A story of how data became the tool in our quest for productivity, what Industry 4.0 can offer and why it is beneficial for both small and big manufacturers.
For the big part of the human history a vast majority of world’s production output came from farms and was limited by the fixed size of the land. The world was a zero-sum game. In order to increase wealth one would gain resources at the expense of the other through conquer or theft. As a result, economic inequality was extreme.
Things changed in the middle of the 18th century – the time when the First Industrial Revolution began. It replaced agriculture with industry. Mass extraction of coal and the invention of steam engine created a new type of energy that accelerated the exchange of raw materials, goods and human labor. More goods were produced across sectors, more jobs were created and more wealth was generated. The world became a positive-sum game. It became clear: energy drives productivity; productivity creates more value. The humanity’s quest for new sources of energy and productivity increases began.
One century later, the Second Industrial Revolution brought other new sources of energy: electricity, gas and oil. The invention of the combustion engine provided the desired productivity boost. Manufacturing hit mass production scale. Large factories with extensive research facilities and capital funds emerged. The invention of the telegraph and the telephone enabled faster exchange of information. The invention of the automobile and the plane revolutionized transportation of materials, products and people.
In the 20th century, the Third Industrial Revolution witnessed a number of new developments: the new and superior type of energy (the nuclear energy), the rise of telecommunications, the invention of a computer, a programmable logic controller (PLC) and a robot. The use of electronics and information technology in manufacturing laid the foundations of production automation and unleashed a new set opportunities for increased productivity.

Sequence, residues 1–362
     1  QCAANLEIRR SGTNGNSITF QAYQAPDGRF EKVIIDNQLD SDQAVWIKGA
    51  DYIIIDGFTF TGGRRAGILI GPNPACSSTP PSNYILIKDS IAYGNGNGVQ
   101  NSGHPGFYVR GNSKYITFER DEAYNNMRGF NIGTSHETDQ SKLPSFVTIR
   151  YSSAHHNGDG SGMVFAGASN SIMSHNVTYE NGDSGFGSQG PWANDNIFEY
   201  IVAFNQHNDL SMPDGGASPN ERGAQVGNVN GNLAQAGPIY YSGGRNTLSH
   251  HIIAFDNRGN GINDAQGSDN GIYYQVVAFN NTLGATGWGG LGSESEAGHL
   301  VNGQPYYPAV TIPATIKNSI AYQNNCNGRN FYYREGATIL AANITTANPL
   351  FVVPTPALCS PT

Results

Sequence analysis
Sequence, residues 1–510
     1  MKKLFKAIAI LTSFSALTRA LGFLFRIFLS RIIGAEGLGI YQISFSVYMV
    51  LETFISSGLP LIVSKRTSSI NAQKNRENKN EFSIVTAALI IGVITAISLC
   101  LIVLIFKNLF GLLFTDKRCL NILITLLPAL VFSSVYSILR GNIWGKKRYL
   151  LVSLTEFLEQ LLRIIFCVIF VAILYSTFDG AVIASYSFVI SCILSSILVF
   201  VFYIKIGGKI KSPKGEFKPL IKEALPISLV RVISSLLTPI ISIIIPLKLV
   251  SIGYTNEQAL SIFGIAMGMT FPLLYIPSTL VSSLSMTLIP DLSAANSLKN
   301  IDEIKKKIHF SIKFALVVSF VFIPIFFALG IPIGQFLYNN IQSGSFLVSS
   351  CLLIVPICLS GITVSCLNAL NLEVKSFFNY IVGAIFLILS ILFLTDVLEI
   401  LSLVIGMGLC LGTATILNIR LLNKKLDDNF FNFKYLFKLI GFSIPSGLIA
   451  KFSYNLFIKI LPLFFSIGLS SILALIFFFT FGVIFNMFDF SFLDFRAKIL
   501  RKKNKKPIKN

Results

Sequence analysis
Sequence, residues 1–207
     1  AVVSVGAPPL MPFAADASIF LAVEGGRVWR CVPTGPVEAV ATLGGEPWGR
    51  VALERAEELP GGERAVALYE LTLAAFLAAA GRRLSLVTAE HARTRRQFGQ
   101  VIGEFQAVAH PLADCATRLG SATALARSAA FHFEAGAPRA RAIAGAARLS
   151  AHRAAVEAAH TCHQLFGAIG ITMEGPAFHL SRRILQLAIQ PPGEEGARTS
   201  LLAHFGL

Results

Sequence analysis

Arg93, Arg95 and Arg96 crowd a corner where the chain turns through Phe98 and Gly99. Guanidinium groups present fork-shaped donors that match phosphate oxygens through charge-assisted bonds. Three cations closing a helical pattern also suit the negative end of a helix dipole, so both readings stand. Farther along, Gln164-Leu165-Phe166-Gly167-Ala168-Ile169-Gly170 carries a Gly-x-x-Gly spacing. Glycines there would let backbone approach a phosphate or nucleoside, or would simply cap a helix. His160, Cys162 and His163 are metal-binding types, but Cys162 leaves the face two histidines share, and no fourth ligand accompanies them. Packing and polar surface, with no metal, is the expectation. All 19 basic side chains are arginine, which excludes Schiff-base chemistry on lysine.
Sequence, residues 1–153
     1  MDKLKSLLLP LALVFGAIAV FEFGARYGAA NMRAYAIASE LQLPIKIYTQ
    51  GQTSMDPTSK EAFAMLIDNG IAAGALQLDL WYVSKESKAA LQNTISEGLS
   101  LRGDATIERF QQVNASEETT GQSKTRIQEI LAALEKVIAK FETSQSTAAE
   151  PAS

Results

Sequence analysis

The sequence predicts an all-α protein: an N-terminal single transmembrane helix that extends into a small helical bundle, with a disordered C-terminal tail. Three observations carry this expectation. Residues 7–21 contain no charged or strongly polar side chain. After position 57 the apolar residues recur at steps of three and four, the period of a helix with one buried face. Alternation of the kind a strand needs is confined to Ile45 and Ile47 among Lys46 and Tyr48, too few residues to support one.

Today, the Fourth Industrial Revolution is underway. Unlike its predecessors, it is not concerned so much with the search of new source of energy to achieve productivity increases. It is based on a new technological phenomenon – digitization – which enables us to create a virtual world from which we control the physical world, blurring the boundaries between the two.
In the context of manufacturing, this new development is known as Industry 4.0. It is characterized by a set of technologies enabling the smart factory, such as:
- cyber-physical systems;
- Big Data and analytics;
- Industrial Internet of Things (IIoT);
- advanced industrial robotics;
- 3D printing;
- new forms of human-machine interaction (e.g. touch interfaces, Augmented Reality).
Smart factories are also characterized by these design principles:
- Interoperability: the network of machines, devices, sensors and people communicate and collaborate among each other through the IIoT in real time.
- Virtualization: through the collection of sensor data, a virtual copy of the physical environment is created enabling simulation of processes.
- Decentralization: cyber-physical systems make decisions and perform tasks autonomously.
- Real-time decision-making: with data collected and analysed in real time, process failures and changes are addressed immediately.
- Modularity design: a modular production system allows for quick system adaption to changing production requirements.
In this day and age, data is what drives productivity increases. At its core, Industry 4.0 is about data. It provides manufacturers with a more efficient way to improve production outcomes (e.g. speed, production cost, quality, quantity and so on), address process failures and downtime, eliminate material and energy waste, implement changes and reinvent the production process and the product design.
Industry 4.0 offers a broad range of applications. They largely depend on the concrete goals of the manufacturers but among the most common are:
- predictive maintenance;
- anomaly detection;
- real-time decision-making;
- product-centric manufacturing;
- efficient manufacturing of customized products;
- sustainable use of materials and energy;
- inventory planning based on production;
- efficient coordination of work;
- and more.
These are opportunities that both big and small manufacturers can benefit from. With technology offered through Industry 4.0, mass manufacturers are able to increase efficiency and flexibility of their production process, while smaller manufacturers can compete on production cost and product quality with bigger players.
Not only is Industry 4.0 the next step in our quest for productivity but it is also a tool for inclusive innovation. Ever since the beginning of industrialization, the humanity has been using technology to create more wealth and drive progress. As more wealth has been generated over time, newer more accessible technologies emerged and spread, more companies were built around them and the competition increased. In today’s competitive marketplace, competition drives innovation. And with a new set technology tools that are more accessible than ever, both big and small manufacturers got a shot at innovation of new better products.
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